How to open a bank account in the UK

Moving to the United Kingdom? One of the first tasks on your immigration to do list will be to open a bank account. This will help when you are making purchases, as well as give your employer a place to deposit your payslips.

Types of bank accounts in the UK

Basic bank account

A basic bank account is an everyday bank account that allows you to access it without having to pay any monthly fees. It’s often the easiest bank account to open when you don’t qualify for any of the other bank account types. However, it does have some limitations, as this simple account type might not have the same products and features offered by other bank accounts, such as savings, international payments, etc.

Current account

A current account is the most common bank account opened by people in the United Kingdom. It’s used for everyday banking, payments, deposits, withdrawals and will come with a debit card that you can use to access it.

Savings account

Savings accounts offer you the opportunity to earn interest on your deposits within this account. You can transfer money from these types of accounts into a current account, as you won’t be able to connect this type of account with your debit card. It’s strictly for saving money and transferring money in and out of.

International account

Some UK banks will offer an international service or accounts to help people who are traveling a lot, or who are looking to move abroad. International bank accounts can offer you flexibility in terms of payment overseas, meaning no fees or less fees on payments or cashpoint withdrawals.

This can be helpful if you plan to spend extended time in your home country, or if you’re looking to leave the UK to study, move or retire. Rand4dollar can also assist you with any international payments you might want to make during this time.

Student accounts

UK banks may also offer specific accounts for students to help them with their studies. These types of accounts come with some added flexibility around fees and overdrafts to make things easier for the student.

Joint accounts

A joint account is a single account that is shared between two or more people. This can be helpful for married or committed couples who want to share their financial burdens between each other. The good news is that Rand4dollar, has no problem facilitating money transfers from joint accounts as well, just in case you need to send money abroad from a shared account.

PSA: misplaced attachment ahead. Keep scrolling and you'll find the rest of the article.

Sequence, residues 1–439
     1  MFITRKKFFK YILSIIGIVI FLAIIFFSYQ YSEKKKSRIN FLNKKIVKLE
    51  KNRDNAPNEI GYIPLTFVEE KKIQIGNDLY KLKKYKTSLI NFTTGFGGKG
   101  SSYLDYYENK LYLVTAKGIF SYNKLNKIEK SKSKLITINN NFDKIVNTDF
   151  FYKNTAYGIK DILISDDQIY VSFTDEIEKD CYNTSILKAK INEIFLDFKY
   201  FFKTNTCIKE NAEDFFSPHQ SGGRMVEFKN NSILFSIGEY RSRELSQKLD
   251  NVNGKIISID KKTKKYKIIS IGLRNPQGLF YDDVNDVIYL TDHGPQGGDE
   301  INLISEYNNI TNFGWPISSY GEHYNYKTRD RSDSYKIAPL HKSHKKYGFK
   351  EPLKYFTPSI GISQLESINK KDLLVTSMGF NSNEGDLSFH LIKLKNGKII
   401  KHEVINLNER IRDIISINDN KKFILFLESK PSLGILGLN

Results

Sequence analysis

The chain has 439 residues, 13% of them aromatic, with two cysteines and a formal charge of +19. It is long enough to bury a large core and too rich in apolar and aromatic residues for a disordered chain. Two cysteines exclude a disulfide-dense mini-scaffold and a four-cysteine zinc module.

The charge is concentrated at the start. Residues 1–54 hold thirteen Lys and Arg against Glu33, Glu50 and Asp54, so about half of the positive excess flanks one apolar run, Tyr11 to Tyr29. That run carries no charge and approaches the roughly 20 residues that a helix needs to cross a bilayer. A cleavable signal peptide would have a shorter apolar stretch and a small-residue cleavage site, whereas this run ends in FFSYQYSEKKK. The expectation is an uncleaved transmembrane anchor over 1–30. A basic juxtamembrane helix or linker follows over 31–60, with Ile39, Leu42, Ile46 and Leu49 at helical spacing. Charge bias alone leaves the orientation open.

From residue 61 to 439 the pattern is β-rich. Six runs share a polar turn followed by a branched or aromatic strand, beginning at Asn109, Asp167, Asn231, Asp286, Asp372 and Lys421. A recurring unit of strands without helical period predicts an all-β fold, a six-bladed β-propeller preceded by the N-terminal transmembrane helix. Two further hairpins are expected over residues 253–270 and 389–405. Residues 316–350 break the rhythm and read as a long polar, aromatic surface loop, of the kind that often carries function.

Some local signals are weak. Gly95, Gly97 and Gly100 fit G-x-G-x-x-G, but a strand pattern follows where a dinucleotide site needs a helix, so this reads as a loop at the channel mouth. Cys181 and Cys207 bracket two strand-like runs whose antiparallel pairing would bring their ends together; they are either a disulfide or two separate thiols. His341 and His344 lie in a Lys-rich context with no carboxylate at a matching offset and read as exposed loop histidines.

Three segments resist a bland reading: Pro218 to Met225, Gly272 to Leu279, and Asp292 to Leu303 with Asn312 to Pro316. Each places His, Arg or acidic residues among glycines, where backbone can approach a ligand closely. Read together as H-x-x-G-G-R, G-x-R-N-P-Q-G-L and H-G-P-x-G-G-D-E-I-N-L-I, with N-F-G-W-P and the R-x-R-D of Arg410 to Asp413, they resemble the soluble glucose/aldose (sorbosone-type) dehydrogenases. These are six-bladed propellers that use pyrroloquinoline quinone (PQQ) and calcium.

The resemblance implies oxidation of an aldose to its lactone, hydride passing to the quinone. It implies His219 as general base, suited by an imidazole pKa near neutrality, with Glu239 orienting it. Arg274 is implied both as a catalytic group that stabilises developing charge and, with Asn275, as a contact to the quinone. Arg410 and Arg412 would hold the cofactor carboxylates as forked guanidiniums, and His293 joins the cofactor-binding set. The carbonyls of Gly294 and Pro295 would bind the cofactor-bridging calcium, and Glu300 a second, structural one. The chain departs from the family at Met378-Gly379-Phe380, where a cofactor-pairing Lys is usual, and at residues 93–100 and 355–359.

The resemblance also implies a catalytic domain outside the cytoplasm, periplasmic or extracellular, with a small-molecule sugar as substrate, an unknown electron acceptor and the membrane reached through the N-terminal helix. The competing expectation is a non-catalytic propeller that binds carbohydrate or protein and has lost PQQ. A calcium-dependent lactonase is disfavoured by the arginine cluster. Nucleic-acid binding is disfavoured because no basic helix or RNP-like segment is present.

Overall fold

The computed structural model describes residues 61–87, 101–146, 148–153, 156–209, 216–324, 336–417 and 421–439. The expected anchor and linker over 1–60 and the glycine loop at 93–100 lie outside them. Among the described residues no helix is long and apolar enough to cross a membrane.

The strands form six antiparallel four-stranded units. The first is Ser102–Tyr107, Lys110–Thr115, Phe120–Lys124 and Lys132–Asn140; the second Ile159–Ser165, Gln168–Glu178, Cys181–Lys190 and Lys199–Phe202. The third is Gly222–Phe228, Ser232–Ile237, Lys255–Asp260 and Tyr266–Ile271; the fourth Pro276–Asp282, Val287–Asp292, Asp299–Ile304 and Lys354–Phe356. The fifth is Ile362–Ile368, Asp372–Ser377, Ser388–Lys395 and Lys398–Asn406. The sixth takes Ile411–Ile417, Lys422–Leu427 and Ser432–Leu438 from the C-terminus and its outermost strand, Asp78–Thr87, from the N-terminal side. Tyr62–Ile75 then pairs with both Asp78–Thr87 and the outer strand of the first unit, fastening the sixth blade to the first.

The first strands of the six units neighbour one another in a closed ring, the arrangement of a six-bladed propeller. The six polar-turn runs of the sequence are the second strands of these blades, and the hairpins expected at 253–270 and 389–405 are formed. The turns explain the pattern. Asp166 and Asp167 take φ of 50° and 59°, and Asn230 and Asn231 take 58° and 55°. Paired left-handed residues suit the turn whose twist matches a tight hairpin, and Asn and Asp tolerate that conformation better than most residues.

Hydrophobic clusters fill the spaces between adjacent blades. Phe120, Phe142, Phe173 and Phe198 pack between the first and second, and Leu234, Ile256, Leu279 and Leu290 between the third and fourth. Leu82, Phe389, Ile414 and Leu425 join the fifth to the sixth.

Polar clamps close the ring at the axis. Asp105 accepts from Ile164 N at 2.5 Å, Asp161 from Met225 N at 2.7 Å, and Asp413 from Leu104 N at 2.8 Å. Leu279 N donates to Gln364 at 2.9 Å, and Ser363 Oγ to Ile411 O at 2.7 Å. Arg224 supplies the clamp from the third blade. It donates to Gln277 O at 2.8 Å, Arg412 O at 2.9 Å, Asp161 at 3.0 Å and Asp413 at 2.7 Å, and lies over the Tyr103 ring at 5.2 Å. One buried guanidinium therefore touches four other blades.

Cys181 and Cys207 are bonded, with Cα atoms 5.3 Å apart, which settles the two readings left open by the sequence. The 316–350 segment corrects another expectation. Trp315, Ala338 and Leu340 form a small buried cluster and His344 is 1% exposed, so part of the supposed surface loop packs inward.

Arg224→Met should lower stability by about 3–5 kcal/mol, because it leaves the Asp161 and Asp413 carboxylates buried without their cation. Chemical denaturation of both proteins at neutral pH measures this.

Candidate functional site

Choosing the right bank for your needs

You might be wondering how you choose the right bank account for your needs when there are so many options available. We’ll get into the different banking institutions available in the UK in a second, but for now, we’ll focus on the main considerations you might have when picking one out:

  • Fees – what does the bank charge for setting up an account?
  • Services and products – does the bank offer you everything you need?
  • Registration offers – can you get cashback for setting up a new account?
  • International accounts and transfers – does your bank facilitate global transfers? If not, we do!
  • Flexibility – do you have the freedom to change the type of account or services you’d like to use?

Traditional banks

There are quite a few major banks to choose from in the United Kingdom. Here are the names of a few of the top players in the finance space. They will have brick-and-mortar branches in addition to online services.

These banks offer a range of account types from checking, to student-friendly to savings accounts. If you open a checking account with them, they’ll issue you a debit card for you to use for daily spending. You can also apply to see if you qualify for a credit card with these banks, so that you can make larger purchases to be paid off in installments.